Celebrities slam Bill Cosby’s overturned conviction

Celebrities slam Bill Cosby’s overturned conviction
‘THIS is why women do not come forward’

Celebrities expressed outrage at Bill Cosby’s overturned conviction by the Pennsylvania Supreme Court on Wednesday.

“I don’t want to hear anything about how cancel culture ruined men’s lives during the MeToo era reckoning for women and survivors,” wrote actor Amber Tamblyn on Twitter. “How we went too far. Today’s news that Cosby’s conviction is being overturned is proof we haven’t gone far enough. Our justice system MUST change.”

“THIS is why women do not come forward,” agreed writer E Jean Carroll, who has accused former President Donald Trump of raping her in a Manhattan department store in the Nineties.

“I’m enraged, heartbroken and disgusted by Cosby’s release,” wrote actor and director Christine Lahti. “I can only imagine what all his survivors must be feeling. This convicted rapist is free today because he is a man of privilege. The Patriarchy rears its ugly head yet again.”

“I never wanna hear ‘well did you report it?’ again,” wrote comedian Lane Moore. “60 women accused Bill Cosby, and even with 60 accusers we took years to convict, and now he’s going free anyway. there are no consequences for rape and rapists know that. so let’s be real: rape is fully legal in this country.”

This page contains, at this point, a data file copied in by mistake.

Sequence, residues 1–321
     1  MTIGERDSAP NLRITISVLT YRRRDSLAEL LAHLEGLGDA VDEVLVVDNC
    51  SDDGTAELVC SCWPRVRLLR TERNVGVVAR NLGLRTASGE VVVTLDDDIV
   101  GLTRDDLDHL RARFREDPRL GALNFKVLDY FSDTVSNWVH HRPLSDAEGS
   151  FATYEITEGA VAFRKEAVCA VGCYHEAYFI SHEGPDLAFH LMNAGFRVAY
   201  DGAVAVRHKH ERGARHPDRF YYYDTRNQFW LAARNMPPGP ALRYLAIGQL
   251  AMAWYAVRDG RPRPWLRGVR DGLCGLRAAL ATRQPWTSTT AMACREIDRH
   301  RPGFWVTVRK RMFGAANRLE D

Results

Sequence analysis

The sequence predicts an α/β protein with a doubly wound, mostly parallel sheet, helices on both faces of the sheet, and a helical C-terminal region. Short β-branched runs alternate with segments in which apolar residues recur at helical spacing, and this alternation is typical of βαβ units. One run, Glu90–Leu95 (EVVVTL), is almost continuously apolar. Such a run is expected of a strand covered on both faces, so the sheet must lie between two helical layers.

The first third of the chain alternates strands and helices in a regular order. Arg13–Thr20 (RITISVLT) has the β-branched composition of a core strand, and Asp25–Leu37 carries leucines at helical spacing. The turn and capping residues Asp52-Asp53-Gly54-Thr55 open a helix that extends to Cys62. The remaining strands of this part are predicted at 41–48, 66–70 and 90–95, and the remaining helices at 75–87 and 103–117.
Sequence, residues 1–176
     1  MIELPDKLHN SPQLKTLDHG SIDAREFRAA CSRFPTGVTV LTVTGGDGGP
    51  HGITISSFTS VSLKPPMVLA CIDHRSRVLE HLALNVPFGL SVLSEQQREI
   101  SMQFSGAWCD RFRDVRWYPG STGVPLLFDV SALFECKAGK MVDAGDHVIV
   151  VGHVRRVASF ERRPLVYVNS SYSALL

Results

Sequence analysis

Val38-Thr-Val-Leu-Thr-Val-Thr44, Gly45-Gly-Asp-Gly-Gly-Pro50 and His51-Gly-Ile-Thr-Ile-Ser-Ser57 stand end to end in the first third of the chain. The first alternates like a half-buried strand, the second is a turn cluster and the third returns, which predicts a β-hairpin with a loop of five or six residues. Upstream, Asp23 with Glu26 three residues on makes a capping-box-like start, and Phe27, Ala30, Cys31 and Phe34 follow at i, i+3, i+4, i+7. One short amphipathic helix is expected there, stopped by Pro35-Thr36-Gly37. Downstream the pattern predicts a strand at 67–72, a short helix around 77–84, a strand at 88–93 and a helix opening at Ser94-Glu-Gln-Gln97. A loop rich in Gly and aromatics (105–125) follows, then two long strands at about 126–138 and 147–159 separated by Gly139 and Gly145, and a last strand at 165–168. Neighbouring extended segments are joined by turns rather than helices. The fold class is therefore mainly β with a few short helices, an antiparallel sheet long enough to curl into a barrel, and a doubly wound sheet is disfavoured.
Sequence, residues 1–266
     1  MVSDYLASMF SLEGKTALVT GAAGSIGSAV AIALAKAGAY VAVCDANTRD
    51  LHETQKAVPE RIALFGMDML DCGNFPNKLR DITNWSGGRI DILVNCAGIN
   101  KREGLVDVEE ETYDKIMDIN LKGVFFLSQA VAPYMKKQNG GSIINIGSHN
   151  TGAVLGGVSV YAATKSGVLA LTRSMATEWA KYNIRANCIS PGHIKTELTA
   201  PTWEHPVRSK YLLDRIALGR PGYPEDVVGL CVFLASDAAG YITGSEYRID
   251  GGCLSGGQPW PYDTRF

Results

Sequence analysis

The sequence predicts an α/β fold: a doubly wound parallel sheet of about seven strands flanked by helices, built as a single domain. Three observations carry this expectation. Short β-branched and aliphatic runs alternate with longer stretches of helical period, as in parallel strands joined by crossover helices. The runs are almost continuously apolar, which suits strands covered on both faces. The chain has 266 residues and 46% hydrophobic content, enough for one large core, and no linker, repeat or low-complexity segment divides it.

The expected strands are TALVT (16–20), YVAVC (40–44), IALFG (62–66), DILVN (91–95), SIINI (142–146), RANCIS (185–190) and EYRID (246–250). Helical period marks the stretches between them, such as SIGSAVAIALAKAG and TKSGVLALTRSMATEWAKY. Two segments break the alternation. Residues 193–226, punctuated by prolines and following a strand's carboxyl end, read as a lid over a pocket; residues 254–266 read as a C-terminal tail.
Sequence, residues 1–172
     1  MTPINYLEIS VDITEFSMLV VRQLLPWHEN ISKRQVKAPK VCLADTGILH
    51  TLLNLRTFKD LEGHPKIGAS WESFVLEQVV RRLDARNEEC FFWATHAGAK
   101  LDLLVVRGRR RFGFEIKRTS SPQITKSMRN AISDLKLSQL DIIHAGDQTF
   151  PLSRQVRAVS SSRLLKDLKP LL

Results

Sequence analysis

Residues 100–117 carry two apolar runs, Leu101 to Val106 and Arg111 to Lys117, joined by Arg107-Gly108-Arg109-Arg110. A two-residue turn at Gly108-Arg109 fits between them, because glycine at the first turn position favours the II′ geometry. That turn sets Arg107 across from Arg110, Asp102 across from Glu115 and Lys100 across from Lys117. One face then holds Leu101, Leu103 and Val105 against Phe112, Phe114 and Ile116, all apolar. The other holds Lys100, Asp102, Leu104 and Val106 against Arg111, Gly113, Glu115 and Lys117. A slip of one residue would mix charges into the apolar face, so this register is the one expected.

Singer Stella Parton wrote: “How can the Supreme Court overturn something after a conviction on a factual occurrence? Oh, excuse me, if you are male and have enough money and influence you can even be President no matter how corrupt you may be. Bill Cosby is just one of many. Look at Marilyn Manson!”

There were, however, some positive reactions out of Hollywood. Cosby’s former The Cosby Show costar Phylicia Rashād wrote on Instagram: “FINALLY!!!! A terrible wrong is being righted – a miscarriage of justice is corrected!”

After nearly three years in prison, Cosby is a free man following Wednesday’s decision by the Pennsylvania Supreme Court to vacate his 2018 conviction on three charges of aggravated indecent assault.

The comedian and actor has long maintained his innocence in the case, which stems from an accusation that he drugged and had sex with a Temple University employee in 2004.

The court ruling on Wednesday resulted from an agreement Cosby struck with a district attorney, Bruce Castor, in 2005 wherein Mr Castor declined to prosecute Cosby in exchange for the latter’s testimony during a civil trial.

The justices ruled that the agreement prevented prosecution for the claims brought by Andrea Constand, the former director of operations for Temple’s women’s basketball team, and wrote that the prosecutorial discretion of Pennsylvania’s district attorneys was not “free of the constraints of due process”.

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